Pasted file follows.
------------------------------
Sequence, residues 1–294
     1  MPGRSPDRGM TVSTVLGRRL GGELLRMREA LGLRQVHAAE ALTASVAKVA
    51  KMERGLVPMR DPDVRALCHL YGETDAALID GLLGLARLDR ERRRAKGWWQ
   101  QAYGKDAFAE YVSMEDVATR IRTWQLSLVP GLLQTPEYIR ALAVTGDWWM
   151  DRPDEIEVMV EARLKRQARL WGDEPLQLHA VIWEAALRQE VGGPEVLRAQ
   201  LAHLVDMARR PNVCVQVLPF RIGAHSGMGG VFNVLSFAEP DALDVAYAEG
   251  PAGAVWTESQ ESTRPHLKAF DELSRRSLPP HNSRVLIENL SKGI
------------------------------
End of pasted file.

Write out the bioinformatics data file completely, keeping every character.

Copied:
Sequence, residues 1–294
     1  MPGRSPDRGM TVSTVLGRRL GGELLRMREA LGLRQVHAAE ALTASVAKVA
    51  KMERGLVPMR DPDVRALCHL YGETDAALID GLLGLARLDR ERRRAKGWWQ
   101  QAYGKDAFAE YVSMEDVATR IRTWQLSLVP GLLQTPEYIR ALAVTGDWWM
   151  DRPDEIEVMV EARLKRQARL WGDEPLQLHA VIWEAALRQE VGGPEVLRAQ
   201  LAHLVDMARR PNVCVQVLPF RIGAHSGMGG VFNVLSFAEP DALDVAYAEG
   251  PAGAVWTESQ ESTRPHLKAF DELSRRSLPP HNSRVLIENL SKGI